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The History of United We Matter

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                             Ken Fitch

 Founder and President of United We Matter


      Ken Fitch retired from the State of Maryland after 26 years of service due to a disability in 2012.   In June of 2018, Ken received a letter from the State of Maryland Department of Budget and Management stating that the Maryland General Assembly had eliminated his prescription drug program (and the prescription drug program for 90,000 other State Retirees) in 2011.  The elimination would force all Maryland State retirees who were Medicare eligible (disabled or 65 or older) onto Medicare Part D. 


      State Retirees who were Medicare Eligible had to choose a plan under Medicare Part D beginning October 15, 2018.  If a plan was not chosen by then, State retirees who vested in the program before 2011 would not have any prescription drug coverage in 2019.  Ken reviewed the Medicare Part D plans.  He currently had out of pocket expenses in the amount of $900 dollars.  If forced onto Medicare Part D, his out of pocket expenses would increase to $12,000 a year. Retired and on fixed income, Ken Fitch would be unable to afford this change.

      Outraged Ken began his fight. He wrote his first letter to the 188 State lawmakers and the Maryland Governor entitled WE MATTER. Other letters soon followed entitled SHAME ON YOU, THE RIGHT TO STAND, YOUR 16% RAISE, and YES OR NO. THE RIGHT TO STAND is the only letter not written by Ken Fitch and circulated to lawmakers. Each letter was followed up with a phone call, and if a response was received, an email. It was through this effort that he created a Facebook page entitled WE MATTER RX Drug Coverage Group to get other retirees involved in the fight.


          Ken took the time to find out the name of every lawmaker who voted against maintaining the RX drug coverage program, that were still in office and running for re-election. He attached that list to his SHAME ON YOU letter asking for Maryland Senators and Delegates who had voted to eliminate this coverage to do the right thing. Ken used that list of lawmakers to specifically target his follow up communications. His approach was effective. Lawmakers began reaching out to Ken Fitch returning his phone calls and setting up meetings. It was the communication with Delegate Cluster that led to the organization of the WE MATTER Rally. Delegate Joe Cluster sent Ken Fitch an email about a subcommittee meeting of legislators on September 13, 2018. And wonders of wonders the discussion of that subcommittee was on the transition of state retirees to Medicare Part D. This was perfect. Ken saw this as an excellent chance to rally State Retirees to show lawmakers in Annapolis that WE MATTER. As news of the rally spread the estimates for the rally became bigger and bigger. More and more state retirees indicted their willingness to attend. Finally, state retirees had the opportunity to voice their shock about the elimination of their RX benefit. Finally, State retirees would have a chance to tell their lawmakers’ how they really felt about their betrayal. It was then that Ken found out that one year after lawmakers had discontinued State retirees RX drug coverage, they had voted themselves a 16% raise. In an election year, this information should have been damning for any lawmaker who voted against drug coverage and for their increased paycheck. It wasn’t. Ken wrote the YOUR 16% RAISE letter producing some startling facts regarding the State’s promises over the last ten years.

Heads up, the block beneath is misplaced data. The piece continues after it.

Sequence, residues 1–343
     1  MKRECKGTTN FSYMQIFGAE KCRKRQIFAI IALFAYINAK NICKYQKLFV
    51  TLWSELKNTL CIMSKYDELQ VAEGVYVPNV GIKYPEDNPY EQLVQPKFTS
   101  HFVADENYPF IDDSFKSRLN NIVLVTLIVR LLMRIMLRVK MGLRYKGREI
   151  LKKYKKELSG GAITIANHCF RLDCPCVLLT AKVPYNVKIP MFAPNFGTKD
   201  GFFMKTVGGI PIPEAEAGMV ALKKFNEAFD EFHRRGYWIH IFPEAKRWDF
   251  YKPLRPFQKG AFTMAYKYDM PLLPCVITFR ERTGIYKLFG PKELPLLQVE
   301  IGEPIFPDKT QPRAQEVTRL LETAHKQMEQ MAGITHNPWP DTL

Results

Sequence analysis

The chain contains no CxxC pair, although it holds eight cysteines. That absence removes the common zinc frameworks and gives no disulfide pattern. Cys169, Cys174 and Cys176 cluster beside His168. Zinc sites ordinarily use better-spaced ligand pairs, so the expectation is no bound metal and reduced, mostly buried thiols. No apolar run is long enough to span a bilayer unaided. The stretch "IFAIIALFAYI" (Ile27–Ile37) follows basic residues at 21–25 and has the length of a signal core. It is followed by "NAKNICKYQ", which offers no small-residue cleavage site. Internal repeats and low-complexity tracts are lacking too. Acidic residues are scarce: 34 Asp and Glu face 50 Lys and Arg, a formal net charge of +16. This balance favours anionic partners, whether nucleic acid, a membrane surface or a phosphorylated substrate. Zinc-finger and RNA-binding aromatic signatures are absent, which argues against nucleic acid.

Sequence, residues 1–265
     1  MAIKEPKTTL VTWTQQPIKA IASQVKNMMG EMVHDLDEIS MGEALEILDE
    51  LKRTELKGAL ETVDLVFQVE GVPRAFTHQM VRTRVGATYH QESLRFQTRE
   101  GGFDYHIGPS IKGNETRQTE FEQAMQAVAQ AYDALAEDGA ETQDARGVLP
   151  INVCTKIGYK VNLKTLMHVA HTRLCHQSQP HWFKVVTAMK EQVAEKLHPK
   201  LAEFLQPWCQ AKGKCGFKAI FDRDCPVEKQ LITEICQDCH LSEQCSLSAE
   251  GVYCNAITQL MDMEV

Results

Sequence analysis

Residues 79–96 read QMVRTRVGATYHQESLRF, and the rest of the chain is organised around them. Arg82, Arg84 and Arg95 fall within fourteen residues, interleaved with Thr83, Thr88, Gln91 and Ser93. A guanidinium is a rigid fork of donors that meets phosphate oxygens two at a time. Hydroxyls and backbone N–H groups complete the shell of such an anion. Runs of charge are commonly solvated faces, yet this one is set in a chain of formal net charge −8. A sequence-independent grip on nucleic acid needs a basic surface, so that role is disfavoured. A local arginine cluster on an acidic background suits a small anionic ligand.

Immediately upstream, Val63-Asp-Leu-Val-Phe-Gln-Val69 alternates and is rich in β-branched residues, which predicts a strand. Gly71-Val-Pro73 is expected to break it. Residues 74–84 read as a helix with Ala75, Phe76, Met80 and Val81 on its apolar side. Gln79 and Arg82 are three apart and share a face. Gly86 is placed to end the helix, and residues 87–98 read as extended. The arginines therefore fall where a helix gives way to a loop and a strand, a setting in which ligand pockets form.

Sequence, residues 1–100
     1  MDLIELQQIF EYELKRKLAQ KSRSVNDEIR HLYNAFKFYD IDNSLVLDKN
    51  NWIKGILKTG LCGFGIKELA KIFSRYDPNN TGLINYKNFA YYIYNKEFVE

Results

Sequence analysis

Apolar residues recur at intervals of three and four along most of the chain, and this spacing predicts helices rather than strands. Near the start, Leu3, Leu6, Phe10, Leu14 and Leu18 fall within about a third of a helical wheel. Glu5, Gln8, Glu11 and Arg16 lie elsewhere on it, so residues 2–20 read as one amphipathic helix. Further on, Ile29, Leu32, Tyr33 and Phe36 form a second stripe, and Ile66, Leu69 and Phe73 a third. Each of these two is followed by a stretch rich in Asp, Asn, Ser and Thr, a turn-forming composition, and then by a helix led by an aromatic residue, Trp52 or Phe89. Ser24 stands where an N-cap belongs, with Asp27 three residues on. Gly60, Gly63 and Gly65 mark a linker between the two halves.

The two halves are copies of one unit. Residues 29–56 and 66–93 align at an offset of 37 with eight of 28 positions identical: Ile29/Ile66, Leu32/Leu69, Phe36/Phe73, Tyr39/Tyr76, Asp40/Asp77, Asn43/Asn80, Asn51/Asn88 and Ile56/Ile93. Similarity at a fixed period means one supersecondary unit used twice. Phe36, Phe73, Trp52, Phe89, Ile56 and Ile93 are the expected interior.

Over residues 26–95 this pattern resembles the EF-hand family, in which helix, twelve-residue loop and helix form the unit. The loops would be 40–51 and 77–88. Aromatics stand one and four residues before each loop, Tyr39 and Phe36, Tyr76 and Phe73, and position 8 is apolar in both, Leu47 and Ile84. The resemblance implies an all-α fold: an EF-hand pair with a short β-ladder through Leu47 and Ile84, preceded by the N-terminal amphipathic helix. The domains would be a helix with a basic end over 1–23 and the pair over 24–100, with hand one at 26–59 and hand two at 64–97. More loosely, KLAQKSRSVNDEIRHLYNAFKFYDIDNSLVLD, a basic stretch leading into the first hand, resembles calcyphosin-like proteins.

While this was going on, Ken Fitch and the Facebook WE MATTER RX Drug Coverage Group members began attending town meetings, meetings at senior centers and campaign events where lawmakers were speaking to bring the RX issue to the forefront to force a Special Session where the issue could be addressed.  One of these meetings led to the RIGHT TO STAND letter.  This letter wrote about an event that Ken Fitch attended that showed that the lawmakers who voted for the elimination of retirees RX coverage didn’t have a clue what they voted for. This was confirmed when Ken started setting up meetings between lawmakers and the Facebook WE MATTER RX Drug Coverage Group members.


          Every lawmaker that Ken spoke with stated they wanted to help but were unwilling to make a commitment to asking for a special session. This is when Ken wrote the YES or NO letter demanding that lawmakers commit to a stance before the election. The responses to this request can be found in the topics section of the WE MATTER page. Then it happened. While Ken was driving his grandson to an event, he received a call from the Governor’s office. The Governor's Chief of Staff wanted to schedule a teleconference with Ken to discuss the state retirees RX drug coverage. Excited, Ken scheduled an appointment to the wide-eyed amazement of his eleven-year-old grandson. Ken’s next call was to his friend,  Deborah Hill, who is an attorney, to make sure she would be present. During the teleconference, (which included the Governor's Director of Communications) no commitment was made to reinstatement. Instead the Governor’s office stated that they backed transition. Ken stated to them that it appeared to Medicare Eligible retirees that they were specifically targeted to cull out the pension roles. This statement was met by silence. Ken told them that they were not leaving him much choice – he would have to sue the state to keep the benefits of all state retirees. It was not a good meeting.


          During that time Ken had the attorney investigate this issue arguing that the affects would be devastating for thousands of state retirees.  He argued that the lawmakers including the Governor would not reinstate RX benefits and that legal action was the only way to go. So, Deborah Hill and co-counsel, Breon L. Johnson, committed to filing a complaint and seeking injunctive relief using their own money to file on behalf of State retirees.